Anyone who has ever attended a Pemi lunch or dinner has experienced how singing, a Pemi tradition, can fill the Mess Hall up to the brim, and sometimes beyond it. In recent years, favorite songs have included “The Happy Wanderer,” “Swing Low, Sweet Chariot” (with accompanying hand gestures), and the famously anticlimactic “Three Cheers for the Jones Junior High.” (It’s the best junior high in Toledo.)
But different songs have been popular at different times in Pemi’s history.
For example, Tom Reed, Sr., mentioned “And When the Battle’s Over” as being a song that is never sung anymore, but used to be sung “to honor any distinguished visitor.” The “Junior Camp Song,” Tom says, “has always been sung,” while the song about the Pemi Kid is rarely sung these days. “Bloomer Girl” is sung less frequently, too. (And bloomers have gone out of fashion.)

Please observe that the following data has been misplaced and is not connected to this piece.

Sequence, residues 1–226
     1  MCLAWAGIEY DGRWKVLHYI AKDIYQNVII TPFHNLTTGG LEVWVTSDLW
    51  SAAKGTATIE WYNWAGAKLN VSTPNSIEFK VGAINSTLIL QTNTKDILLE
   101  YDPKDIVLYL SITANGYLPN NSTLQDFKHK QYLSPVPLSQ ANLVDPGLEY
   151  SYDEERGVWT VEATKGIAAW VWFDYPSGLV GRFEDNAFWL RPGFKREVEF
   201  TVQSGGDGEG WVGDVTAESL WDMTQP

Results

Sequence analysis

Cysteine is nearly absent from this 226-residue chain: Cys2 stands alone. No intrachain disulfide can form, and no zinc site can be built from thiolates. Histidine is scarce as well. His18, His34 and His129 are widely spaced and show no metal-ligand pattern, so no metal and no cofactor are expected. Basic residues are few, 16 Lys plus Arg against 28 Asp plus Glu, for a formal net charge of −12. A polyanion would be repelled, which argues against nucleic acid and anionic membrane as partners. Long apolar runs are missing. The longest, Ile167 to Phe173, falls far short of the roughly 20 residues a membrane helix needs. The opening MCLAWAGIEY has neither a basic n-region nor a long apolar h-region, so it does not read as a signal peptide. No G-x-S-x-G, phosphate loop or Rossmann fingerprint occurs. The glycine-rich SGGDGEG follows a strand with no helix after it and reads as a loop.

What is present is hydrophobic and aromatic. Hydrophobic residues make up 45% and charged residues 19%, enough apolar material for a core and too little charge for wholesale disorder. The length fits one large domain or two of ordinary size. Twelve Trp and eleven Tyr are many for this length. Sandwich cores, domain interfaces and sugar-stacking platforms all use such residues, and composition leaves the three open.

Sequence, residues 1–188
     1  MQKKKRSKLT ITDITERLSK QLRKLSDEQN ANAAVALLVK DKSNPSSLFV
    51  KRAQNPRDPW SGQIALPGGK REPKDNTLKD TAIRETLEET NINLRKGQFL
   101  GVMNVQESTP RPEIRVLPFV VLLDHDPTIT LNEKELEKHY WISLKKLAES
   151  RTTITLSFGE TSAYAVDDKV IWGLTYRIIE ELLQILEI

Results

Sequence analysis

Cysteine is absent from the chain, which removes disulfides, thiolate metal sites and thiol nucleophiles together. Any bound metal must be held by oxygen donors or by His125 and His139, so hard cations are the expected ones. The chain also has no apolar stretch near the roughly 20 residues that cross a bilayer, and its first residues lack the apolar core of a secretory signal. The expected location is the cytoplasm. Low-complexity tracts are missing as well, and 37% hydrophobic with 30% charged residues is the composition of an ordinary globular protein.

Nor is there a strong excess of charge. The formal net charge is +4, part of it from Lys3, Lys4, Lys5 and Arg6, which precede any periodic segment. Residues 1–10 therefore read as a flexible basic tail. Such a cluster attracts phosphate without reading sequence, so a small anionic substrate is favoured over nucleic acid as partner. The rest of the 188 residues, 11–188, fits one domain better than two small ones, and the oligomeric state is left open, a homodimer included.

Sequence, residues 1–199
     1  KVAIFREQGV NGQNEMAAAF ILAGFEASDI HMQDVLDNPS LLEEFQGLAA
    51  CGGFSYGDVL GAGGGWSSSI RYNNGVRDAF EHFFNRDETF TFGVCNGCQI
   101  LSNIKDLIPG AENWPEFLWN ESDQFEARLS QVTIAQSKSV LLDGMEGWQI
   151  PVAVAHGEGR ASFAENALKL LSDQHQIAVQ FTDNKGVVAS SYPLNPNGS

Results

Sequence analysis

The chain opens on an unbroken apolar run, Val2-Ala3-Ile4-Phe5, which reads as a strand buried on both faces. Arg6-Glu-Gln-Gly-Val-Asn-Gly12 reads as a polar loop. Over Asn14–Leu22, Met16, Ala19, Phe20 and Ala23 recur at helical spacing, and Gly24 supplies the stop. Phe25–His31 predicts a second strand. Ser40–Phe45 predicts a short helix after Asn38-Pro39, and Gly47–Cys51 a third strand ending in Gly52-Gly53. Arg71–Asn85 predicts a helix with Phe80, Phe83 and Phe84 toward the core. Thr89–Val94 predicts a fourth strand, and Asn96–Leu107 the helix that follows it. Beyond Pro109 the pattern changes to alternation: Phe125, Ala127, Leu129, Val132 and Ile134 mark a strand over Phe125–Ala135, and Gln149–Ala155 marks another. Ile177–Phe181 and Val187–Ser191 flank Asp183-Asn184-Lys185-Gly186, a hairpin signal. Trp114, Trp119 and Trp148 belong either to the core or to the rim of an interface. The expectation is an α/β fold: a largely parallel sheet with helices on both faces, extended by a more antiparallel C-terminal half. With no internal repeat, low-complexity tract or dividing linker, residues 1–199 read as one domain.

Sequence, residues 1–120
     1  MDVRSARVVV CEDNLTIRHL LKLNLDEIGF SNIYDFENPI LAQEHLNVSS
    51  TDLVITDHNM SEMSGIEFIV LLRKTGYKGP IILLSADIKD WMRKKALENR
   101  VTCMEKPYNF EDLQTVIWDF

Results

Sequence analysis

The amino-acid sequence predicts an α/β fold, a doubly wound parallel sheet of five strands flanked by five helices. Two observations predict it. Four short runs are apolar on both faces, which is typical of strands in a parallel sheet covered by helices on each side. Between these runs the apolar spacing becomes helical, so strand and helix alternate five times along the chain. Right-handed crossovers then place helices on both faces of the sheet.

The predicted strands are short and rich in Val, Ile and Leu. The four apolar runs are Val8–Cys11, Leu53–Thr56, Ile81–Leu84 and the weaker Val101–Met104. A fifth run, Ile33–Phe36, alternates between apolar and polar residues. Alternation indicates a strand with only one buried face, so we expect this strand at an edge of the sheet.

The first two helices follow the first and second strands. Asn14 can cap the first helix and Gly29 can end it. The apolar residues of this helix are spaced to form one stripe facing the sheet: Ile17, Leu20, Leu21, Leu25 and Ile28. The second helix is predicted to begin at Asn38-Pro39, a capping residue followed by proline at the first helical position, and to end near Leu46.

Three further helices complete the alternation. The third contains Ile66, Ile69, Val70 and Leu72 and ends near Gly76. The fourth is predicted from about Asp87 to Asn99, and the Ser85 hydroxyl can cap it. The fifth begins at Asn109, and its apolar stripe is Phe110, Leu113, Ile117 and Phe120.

Then there are other classics, like the “Clam Shell Song” or “We’re From Camp Pemigewassett” or the “Marching Song.” That last one comes in two versions—with embellishments like the words “sweet gasoline” when the song is sung during the regular season, and a more serious, non-embellished version when the song is sung at a banquet.
When I asked Tom if he had a favorite song, he chuckled. “I don’t think I have one, but I think the “Boating Song” and the “Campfire Song” are the most beautiful songs we have, and the kids love both of them, and then there are the rabble-rousers, like the “Junior Camp” song, and so on. I like them all, but like them not just for the music, but for the Pemi connections they have.”
What songs were popular when you were at camp, and which was your favorite?